Utilization of complex pectic polysaccharides from new zealand plants (tetragonia tetragonioides and corynocarpus laevigatus) by gut bacteroides species
2020-06-30T03:01:54Z (GMT) by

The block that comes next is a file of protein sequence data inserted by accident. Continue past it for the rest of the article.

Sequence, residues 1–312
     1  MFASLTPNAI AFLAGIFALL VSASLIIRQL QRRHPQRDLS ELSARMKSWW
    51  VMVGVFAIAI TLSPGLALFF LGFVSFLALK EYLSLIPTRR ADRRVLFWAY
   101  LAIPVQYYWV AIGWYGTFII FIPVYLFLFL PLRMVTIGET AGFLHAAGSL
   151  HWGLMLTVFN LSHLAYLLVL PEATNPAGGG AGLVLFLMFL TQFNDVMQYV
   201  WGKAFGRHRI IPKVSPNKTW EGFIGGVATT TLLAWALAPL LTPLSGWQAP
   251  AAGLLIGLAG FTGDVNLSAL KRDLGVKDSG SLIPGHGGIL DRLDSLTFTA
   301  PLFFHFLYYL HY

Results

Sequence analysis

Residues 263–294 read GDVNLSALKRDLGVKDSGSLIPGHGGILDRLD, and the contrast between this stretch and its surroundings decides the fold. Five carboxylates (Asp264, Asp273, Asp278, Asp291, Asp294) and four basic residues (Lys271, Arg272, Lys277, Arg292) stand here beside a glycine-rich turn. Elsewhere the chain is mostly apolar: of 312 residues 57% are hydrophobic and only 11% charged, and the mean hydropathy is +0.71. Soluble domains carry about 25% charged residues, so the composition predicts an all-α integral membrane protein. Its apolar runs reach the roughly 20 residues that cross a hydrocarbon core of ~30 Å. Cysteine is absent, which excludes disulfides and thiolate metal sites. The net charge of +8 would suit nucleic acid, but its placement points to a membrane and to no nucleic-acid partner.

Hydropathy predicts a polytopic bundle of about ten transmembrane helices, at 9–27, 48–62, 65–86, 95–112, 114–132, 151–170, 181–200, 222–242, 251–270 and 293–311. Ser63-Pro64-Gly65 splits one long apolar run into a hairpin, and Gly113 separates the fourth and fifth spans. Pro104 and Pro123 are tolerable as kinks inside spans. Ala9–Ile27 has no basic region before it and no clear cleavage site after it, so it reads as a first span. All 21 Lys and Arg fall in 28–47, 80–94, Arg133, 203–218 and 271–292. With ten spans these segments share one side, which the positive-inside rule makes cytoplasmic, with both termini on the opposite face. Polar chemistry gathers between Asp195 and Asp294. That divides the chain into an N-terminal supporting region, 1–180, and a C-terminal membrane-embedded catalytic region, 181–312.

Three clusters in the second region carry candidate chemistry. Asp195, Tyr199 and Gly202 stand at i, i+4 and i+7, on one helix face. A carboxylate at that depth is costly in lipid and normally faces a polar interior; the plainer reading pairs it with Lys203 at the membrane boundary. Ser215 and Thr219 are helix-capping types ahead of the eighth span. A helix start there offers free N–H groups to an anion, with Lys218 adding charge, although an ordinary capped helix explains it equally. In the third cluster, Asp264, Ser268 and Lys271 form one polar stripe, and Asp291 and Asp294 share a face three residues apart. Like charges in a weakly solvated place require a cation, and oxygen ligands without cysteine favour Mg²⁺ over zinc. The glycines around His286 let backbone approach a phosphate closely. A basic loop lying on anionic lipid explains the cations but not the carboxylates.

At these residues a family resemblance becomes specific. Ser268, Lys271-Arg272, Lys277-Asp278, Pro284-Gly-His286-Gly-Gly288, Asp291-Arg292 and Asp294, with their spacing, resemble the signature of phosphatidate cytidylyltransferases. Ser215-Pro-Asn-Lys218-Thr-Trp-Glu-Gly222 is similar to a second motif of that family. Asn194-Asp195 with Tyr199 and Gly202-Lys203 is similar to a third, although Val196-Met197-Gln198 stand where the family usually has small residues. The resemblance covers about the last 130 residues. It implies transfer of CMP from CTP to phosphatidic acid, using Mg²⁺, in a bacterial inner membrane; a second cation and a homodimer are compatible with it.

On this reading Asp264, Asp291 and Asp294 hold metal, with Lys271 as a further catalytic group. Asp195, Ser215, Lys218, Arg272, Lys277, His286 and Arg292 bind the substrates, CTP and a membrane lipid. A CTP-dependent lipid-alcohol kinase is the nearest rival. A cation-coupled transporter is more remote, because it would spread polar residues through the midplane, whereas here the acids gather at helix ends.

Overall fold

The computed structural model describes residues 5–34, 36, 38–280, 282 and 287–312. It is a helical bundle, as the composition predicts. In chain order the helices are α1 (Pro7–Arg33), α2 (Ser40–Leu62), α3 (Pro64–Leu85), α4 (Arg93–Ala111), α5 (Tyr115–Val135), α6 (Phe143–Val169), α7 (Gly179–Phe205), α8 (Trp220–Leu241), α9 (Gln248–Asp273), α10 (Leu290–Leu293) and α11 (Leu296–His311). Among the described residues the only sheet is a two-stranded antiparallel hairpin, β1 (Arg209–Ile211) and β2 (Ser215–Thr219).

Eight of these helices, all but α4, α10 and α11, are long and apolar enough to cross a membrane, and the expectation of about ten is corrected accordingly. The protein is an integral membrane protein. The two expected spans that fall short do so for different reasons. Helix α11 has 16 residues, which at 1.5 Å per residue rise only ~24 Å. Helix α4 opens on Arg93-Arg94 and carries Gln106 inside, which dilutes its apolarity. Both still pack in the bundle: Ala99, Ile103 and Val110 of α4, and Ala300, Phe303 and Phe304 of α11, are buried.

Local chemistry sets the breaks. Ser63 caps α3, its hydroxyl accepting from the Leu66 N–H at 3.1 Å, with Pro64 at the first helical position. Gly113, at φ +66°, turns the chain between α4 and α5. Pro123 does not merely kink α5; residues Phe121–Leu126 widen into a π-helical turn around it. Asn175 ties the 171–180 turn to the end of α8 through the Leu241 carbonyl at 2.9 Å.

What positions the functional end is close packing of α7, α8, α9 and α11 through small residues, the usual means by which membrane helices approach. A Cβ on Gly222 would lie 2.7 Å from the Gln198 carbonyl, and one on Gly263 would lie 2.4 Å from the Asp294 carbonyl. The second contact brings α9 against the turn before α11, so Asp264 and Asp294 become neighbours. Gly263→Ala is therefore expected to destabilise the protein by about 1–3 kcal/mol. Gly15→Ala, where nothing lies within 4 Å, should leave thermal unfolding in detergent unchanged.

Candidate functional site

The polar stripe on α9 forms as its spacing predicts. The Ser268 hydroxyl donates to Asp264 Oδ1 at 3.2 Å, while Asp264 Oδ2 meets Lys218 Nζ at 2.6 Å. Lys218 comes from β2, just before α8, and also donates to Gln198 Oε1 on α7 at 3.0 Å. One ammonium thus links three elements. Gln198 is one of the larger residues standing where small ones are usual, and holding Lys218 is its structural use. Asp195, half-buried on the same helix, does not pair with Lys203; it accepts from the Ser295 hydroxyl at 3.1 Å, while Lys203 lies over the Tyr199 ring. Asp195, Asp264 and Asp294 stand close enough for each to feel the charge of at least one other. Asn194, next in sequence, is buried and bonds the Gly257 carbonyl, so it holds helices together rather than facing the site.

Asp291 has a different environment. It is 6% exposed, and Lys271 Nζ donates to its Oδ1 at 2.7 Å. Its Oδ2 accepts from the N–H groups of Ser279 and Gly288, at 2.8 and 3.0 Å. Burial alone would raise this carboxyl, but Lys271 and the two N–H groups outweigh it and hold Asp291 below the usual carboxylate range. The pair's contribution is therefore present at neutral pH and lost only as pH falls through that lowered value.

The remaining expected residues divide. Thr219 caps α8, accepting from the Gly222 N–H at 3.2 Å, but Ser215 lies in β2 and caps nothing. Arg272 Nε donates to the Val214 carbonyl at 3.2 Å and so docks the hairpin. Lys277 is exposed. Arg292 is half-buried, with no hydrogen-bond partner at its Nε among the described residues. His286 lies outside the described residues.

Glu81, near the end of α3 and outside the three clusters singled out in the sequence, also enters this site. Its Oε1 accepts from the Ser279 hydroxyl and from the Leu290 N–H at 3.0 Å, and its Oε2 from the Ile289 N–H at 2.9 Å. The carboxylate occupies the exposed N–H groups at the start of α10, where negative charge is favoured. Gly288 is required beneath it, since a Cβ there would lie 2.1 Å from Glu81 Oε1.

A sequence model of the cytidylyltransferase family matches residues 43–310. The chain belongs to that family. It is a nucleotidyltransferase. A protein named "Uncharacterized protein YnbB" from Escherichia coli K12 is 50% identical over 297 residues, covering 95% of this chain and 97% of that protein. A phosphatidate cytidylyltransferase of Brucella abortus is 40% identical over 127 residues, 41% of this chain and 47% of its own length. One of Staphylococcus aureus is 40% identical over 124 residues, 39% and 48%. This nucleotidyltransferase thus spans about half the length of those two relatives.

© 2019 American Chemical Society. Pectic polysaccharides from New Zealand (NZ) spinach (Tetragonia tetragonioides) and karaka berries (Corynocarpus laevigatus) were extracted and analyzed. NZ spinach polysaccharides comprised mostly homogalacturonan (64.4%) and rhamnogalacturonan I (5.8%), with side chains of arabinan (8.1%), galactan (2.2%), and type II arabinogalactan (7.1%); karaka berry polysaccharides comprised homogalacturonan (21.8%) and rhamnogalacturonan I (10.0%), with greater proportions of side chains (arabinan, 15.6%; galactan, 23.8%; and type II arabinogalactan, 19.3%). Screening of gut commensal Bacteroides showed that six were able to grow on the NZ spinach extract, while five were able to grow on the karaka berry extract. Analysis of the polysaccharides remaining after fermentation, by size-exclusion chromatography and constituent sugar analysis, showed that the Bacteroides species that grew on these two substrates showed preferences for the different pectic polysaccharide types. Our data suggest that, to completely degrade and utilize the complex pectin structures found in plants, members of Bacteroides and other bowel bacteria work as metabolic consortia.